Extensions and Penalties

Extensions and late submission of assessment pieces are covered by the Student Assessment (Coursework) Policy and Procedure. The Course Convener may grant extensions for assessment pieces that are not examinations or take-home examinations. If you need an extension, you must request an extension in writing on or before the due date. If you have documented and appropriate medical evidence that demonstrates you were not able to request an extension on or before the due date, you may be able to request it after the due date.

Privacy Notice

The ANU has made a number of third party, online, databases available for students to use. Use of each online database is conditional on student end users first agreeing to the database licensor’s terms of service and/or privacy policy. Students should read these carefully. In some cases student end users will be required to register an account with the database licensor and submit personal information, including their: first name; last name; ANU email address; and other information.
In cases where student end users are asked to submit ‘content’ to a database, such as an assignment or short answers, the database licensor may only use the student’s ‘content’ in accordance with the terms of service – including any (copyright) licence the student grants to the database licensor. Any personal information or content a student submits may be stored by the licensor, potentially offshore, and will be used to process the database service in accordance with the licensors terms of service and/or privacy policy.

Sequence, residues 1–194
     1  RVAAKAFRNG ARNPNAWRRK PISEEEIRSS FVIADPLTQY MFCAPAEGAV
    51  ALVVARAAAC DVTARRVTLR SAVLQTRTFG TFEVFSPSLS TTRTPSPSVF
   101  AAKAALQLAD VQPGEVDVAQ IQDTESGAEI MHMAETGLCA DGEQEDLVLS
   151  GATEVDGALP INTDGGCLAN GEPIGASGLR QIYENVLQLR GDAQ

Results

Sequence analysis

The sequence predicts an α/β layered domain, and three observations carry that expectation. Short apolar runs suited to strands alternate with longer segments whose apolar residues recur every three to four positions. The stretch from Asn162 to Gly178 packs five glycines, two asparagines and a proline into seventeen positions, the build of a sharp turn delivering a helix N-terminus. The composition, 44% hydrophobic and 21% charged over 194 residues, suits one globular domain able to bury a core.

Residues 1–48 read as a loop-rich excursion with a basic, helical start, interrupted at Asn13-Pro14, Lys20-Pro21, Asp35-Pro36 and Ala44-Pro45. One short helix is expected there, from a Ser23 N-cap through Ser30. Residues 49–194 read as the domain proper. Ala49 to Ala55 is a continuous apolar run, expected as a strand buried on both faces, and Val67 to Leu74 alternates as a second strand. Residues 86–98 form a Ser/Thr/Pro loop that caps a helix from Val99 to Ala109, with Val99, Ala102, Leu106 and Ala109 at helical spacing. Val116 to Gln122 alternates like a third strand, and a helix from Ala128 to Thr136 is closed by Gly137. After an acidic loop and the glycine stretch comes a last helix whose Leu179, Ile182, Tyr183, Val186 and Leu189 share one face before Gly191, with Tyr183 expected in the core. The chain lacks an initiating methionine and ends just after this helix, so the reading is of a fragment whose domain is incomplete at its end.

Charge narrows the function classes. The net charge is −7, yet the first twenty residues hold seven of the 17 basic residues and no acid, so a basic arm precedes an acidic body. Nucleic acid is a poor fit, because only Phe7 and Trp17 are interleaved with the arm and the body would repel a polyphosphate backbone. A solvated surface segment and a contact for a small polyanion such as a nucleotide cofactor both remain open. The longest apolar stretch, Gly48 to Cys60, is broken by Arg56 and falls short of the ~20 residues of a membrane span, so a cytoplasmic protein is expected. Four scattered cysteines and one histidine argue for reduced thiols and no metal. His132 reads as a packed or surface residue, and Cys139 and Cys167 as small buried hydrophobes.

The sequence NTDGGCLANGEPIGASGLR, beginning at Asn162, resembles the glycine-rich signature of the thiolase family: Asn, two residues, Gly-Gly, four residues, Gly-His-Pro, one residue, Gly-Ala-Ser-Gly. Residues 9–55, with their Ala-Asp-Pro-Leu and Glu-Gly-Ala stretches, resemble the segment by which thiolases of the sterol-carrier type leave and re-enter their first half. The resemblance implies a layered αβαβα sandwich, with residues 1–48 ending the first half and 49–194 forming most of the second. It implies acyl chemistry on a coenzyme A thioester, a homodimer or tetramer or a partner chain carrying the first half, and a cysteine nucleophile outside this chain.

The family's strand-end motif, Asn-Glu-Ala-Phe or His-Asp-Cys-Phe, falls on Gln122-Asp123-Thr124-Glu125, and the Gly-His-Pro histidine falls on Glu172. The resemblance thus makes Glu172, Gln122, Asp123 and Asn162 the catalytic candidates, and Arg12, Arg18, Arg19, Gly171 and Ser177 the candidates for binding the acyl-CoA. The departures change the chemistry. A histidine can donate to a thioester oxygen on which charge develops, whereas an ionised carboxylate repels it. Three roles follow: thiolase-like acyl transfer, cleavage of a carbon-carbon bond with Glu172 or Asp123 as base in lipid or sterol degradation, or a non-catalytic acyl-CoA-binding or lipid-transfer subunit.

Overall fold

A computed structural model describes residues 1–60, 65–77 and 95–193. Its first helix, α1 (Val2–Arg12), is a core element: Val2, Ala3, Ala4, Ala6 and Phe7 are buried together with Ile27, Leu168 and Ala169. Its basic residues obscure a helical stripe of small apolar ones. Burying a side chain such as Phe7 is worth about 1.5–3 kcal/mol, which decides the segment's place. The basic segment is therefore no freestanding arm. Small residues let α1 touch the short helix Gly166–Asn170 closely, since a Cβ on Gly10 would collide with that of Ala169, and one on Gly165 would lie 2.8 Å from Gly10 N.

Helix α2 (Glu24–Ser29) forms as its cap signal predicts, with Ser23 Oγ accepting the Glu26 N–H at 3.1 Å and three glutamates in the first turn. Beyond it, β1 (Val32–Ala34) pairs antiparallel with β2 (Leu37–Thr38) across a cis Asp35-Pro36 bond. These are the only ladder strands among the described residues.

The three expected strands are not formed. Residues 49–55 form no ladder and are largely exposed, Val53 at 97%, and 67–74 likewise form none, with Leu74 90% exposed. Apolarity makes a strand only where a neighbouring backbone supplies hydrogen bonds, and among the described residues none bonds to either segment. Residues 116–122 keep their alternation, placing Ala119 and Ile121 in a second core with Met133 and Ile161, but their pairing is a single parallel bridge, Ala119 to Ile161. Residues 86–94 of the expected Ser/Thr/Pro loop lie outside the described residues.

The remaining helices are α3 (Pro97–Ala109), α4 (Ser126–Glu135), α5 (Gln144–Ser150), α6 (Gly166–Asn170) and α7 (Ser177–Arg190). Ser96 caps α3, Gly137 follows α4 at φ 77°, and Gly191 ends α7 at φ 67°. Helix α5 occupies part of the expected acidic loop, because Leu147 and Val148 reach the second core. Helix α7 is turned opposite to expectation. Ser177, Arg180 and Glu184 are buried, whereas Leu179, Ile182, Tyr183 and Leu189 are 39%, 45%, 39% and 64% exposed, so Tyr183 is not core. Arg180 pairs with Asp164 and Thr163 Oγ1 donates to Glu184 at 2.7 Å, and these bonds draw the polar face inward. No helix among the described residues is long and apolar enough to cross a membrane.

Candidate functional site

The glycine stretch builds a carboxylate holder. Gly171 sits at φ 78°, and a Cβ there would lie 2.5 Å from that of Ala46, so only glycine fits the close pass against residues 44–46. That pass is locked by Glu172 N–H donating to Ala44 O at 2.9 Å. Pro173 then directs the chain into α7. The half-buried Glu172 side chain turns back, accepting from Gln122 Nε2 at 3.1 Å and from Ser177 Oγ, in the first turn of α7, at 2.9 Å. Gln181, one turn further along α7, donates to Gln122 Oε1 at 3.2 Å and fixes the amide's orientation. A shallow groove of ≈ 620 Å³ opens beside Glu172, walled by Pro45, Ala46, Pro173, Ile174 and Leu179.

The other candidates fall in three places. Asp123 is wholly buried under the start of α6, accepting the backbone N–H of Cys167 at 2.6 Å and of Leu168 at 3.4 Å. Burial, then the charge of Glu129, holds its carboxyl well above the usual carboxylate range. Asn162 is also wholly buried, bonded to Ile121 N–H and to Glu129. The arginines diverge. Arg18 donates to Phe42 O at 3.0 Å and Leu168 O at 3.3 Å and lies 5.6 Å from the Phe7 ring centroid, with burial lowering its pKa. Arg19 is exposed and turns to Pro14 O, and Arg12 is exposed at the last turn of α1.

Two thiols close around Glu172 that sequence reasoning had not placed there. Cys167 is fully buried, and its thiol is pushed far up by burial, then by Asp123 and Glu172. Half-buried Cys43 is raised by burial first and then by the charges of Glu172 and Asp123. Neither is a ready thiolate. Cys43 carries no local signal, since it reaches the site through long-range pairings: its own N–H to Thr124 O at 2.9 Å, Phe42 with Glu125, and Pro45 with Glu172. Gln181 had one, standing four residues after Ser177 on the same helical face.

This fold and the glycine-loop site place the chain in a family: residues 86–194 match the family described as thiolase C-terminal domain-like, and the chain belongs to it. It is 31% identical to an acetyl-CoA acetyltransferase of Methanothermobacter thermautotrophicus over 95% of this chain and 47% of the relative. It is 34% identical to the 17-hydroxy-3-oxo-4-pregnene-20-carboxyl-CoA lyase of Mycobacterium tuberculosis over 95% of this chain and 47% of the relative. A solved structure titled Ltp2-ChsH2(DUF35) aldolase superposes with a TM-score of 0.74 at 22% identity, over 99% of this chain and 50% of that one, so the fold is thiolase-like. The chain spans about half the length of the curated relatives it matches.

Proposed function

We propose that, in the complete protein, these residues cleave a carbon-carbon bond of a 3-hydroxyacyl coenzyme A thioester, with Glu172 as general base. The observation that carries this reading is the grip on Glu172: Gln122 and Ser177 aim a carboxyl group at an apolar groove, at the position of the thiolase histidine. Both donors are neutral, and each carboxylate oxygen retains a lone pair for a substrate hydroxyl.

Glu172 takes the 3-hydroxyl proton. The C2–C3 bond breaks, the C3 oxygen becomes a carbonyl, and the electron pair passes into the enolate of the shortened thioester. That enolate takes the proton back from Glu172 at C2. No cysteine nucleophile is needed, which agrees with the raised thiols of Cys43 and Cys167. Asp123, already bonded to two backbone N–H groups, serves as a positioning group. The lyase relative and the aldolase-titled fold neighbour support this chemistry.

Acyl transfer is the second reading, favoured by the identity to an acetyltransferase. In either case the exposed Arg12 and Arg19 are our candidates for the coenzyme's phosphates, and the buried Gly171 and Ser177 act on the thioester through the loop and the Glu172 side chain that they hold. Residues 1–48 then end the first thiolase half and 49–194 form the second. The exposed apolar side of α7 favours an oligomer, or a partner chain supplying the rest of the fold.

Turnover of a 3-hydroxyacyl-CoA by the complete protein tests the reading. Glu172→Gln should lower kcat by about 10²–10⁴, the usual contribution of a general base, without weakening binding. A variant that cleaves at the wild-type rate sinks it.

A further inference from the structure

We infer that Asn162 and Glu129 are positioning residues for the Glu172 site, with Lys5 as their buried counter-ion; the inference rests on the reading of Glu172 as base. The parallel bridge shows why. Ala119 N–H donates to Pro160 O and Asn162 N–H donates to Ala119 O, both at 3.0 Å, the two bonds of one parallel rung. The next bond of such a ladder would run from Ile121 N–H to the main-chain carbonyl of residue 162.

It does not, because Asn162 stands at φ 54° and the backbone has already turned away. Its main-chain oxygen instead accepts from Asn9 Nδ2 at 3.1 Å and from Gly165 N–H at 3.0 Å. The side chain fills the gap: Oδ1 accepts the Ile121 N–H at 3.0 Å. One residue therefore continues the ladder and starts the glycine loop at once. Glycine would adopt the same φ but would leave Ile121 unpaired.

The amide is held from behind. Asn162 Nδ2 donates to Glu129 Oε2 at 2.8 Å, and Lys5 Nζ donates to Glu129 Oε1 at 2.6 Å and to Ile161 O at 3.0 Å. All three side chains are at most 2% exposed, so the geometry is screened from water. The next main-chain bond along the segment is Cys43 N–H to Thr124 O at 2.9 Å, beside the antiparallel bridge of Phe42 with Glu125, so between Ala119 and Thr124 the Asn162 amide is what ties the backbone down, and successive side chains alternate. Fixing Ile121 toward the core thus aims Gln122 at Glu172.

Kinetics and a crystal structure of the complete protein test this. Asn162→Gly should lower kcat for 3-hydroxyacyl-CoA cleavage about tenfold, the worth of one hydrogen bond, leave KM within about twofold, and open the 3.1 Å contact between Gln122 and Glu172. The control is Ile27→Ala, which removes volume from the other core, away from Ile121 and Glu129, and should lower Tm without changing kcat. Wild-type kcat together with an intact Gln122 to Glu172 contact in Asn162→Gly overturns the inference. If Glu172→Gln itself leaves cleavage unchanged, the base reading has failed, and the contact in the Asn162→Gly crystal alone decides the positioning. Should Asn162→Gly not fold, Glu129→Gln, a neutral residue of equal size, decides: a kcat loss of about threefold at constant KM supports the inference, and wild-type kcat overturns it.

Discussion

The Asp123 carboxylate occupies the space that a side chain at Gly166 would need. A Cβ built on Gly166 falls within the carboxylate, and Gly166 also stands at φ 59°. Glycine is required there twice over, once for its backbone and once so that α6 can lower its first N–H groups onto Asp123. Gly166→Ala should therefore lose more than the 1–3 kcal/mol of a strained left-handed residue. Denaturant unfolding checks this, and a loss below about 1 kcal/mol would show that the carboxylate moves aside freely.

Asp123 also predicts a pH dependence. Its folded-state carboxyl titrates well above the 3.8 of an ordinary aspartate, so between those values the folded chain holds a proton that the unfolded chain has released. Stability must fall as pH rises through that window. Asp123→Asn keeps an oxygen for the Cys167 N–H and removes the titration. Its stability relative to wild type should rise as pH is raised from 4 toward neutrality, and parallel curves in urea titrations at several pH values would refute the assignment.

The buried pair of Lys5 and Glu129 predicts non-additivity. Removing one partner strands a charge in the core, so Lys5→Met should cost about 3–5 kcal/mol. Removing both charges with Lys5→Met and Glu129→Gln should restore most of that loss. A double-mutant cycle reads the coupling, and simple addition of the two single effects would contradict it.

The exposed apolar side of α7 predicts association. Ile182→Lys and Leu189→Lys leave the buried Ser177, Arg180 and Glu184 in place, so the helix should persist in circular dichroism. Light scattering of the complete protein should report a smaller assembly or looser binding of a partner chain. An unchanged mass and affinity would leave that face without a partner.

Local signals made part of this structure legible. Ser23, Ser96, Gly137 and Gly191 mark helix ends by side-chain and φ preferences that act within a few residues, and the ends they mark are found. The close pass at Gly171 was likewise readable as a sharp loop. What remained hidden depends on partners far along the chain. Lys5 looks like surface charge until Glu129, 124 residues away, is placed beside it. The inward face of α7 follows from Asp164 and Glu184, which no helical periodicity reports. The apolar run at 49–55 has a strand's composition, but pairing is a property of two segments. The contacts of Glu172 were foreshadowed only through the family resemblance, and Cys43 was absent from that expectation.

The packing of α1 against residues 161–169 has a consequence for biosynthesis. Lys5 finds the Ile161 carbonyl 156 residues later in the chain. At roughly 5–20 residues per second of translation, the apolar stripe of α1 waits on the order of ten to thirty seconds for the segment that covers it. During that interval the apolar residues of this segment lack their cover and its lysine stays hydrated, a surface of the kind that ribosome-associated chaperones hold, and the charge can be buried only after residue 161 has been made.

If any student chooses not to agree to the database licensor’s terms of service or privacy policy, the student will not be able to access and use the database. In these circumstances students should contact their lecturer to enquire about alternative arrangements that are available.

Distribution of grades policy

Academic Quality Assurance Committee monitors the performance of students, including attrition, further study and employment rates and grade distribution, and College reports on quality assurance processes for assessment activities, including alignment with national and international disciplinary and interdisciplinary standards, as well as qualification type learning outcomes.

Since first semester 1994, ANU uses a grading scale for all courses. This grading scale is used by all academic areas of the University.

Support for students

The University offers students support through several different services. You may contact the services listed below directly or seek advice from your Course Convener, Student Administrators, or your College and Course representatives (if applicable).

Dr Imogen Saunders
+61 2 6125 8142

Research Interests

Public International Law, International Trade Law, Women in International Law

Dr Imogen Saunders

Dr Imogen Saunders
+61 2 6125 8142

Research Interests

Dr Imogen Saunders

Responsible Officer: Registrar, Student Administration / Page Contact: Website Administrator / Frequently Asked Questions